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Now, let’s get into the specifics of the Naturalization process:

  • Assuming you are eligible to Naturalize, the first step is going to be filing an N-400 Application for Naturalization. This is the application, and it will ask you certain questions to assess your eligibility for Naturalization. You will need to fill out the required fields, submit the application fee of $640 dollars, unless you qualify for a fee waiver or a reduced fee, and typically an $85 dollar “Biometrics” fee.
  • After filing your application, USCIS will perform a background check. The background and security checks will involve taking your fingerprints, and also running various criminal record checks with the FBI and other agencies. To obtain your fingerprints, they will give you notice upon receiving your Naturalization application, that instructs you to to go to an appointment at an “Application Support Center,” for collection of your fingerprints, and other biometrics (such as photographs and your signature).
  • The next step will be a Naturalization Examination (with a Naturalization Interview). USCIS has the authority to conduct a Naturalization interview in which they will ask you questions generally about your eligibility, and questions related to your specific application for Naturalization. The USCIS officer who conducts the interview will have the authority to place you under oath, obtain oral and written evidence from you, subpoena witnesses and to request additional evidence, and sometimes to administer the oath of allegiance. You will have the option to bring an attorney with you to this interview if you so desire. Also as part of your interview day, you will be tested on your knowledge of English and of United States history, the Constitution, and U.S. government, generally.  The Interviewing officer will use your pre-interview applicant file (which will have your FBI background check in it along with other information), your interview answers, and the results of the educational exam, to ultimately determine if you’re eligible or not for Naturalization. They will give you notice on that same day, and you may ultimately find out that you are going to be a Citizen on that same day. Also possible, if there are certain deficiencies with your Naturalization eligibility, you will be informed what those are, and you may have a “Subsequent Re-examination” scheduled to give you an opportunity to overcome those deficiencies (say you fail the U.S. educational exam, for example).  At the “Subsequent Re-examination,” if you are not able to overcome the problems with your application, then it will be denied and you’ll have the opportunity to appeal.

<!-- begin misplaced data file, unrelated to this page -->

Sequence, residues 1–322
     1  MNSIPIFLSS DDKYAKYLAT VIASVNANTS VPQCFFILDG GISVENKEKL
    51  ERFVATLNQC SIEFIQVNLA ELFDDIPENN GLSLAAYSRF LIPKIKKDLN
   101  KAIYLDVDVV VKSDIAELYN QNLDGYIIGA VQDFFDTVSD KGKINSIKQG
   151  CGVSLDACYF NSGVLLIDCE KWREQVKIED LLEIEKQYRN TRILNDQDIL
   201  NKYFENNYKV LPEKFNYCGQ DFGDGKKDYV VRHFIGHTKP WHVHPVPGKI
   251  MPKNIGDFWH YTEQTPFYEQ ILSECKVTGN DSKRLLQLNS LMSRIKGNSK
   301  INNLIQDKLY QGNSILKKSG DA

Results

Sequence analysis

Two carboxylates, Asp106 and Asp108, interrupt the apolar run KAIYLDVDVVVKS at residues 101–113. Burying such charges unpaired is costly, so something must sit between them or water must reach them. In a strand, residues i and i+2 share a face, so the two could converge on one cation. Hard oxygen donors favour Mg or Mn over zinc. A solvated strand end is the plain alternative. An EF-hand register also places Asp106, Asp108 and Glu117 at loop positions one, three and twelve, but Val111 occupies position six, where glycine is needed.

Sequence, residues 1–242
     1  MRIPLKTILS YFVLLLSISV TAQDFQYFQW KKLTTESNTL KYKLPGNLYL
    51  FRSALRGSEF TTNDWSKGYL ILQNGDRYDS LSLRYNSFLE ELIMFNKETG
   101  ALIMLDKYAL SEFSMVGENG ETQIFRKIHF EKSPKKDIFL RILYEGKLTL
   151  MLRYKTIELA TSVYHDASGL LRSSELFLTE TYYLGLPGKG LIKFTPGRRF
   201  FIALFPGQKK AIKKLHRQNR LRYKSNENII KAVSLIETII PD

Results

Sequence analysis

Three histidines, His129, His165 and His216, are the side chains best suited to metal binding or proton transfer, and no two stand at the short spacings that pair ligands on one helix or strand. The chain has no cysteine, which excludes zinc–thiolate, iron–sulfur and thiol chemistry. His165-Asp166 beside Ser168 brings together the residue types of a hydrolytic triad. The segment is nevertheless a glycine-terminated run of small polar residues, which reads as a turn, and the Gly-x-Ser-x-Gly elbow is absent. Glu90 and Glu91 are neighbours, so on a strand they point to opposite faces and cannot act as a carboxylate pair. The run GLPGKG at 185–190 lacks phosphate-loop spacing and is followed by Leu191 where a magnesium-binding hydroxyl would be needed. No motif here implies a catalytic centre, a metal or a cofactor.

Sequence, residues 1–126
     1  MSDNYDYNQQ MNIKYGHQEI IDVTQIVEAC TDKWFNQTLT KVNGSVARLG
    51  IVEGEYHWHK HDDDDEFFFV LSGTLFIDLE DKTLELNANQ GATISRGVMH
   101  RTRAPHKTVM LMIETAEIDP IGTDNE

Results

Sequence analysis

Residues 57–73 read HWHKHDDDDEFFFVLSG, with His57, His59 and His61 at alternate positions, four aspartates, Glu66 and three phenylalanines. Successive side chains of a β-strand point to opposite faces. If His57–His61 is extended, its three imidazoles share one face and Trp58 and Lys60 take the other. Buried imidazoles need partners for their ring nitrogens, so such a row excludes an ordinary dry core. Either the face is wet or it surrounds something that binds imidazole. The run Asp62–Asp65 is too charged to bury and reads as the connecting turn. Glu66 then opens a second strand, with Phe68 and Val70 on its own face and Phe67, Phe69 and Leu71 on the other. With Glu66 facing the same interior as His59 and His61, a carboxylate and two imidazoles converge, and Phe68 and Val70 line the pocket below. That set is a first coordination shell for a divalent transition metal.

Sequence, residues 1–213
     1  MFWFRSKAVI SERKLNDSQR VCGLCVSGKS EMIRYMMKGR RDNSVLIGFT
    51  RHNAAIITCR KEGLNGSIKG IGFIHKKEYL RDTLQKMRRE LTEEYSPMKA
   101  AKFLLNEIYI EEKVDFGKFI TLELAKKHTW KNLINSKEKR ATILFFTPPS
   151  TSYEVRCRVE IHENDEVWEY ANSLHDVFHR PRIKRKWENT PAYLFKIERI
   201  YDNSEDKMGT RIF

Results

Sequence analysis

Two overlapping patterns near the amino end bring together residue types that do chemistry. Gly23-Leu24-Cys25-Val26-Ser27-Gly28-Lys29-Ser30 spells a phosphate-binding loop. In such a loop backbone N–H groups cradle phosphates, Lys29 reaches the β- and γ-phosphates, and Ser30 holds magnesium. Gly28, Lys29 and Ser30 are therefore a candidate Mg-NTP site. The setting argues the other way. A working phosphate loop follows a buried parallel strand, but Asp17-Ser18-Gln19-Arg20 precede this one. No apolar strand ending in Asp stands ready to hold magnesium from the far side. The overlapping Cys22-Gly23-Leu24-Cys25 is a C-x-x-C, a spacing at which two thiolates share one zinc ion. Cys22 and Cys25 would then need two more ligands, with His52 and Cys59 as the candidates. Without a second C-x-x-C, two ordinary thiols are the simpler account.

• If all goes well with your Naturalization Examination or with your Re-examination, then you should receive a favorable decision (despite the fact that the Officer will have given you notice at the end of your interview day), within 120 days after your interview. Once your application has been approved, then USCIS has some internal procedures they will subject your application to, including a “Re-verification Procedure;” where they will make sure approving your application was the right decision. This is a system of checks and balances within the USCIS, and it will be done by a different USCIS officer. Assuming everything is fine with your application pursuant to the “Re-verification Procedure,” USCIS will schedule you for a ceremony in which you will take the Oath of Allegiance.
  • You will take the Oath of Allegiance at a scheduled ceremony and congratulations, you will then be a Citizen of the wonderful, and beautiful, United States of America.

So there you have it, the basics behind the Naturalization process to becoming a United States Citizen. We have outlined the process with steps that we hope are easy to understand, but please understand that it is a complicated legal process and procedure. The help of an experienced Immigration Attorney can greatly aid you in your journey of becoming a U.S. Citizen, and you should not hesitate to contact one should you have any doubts or questions during the process.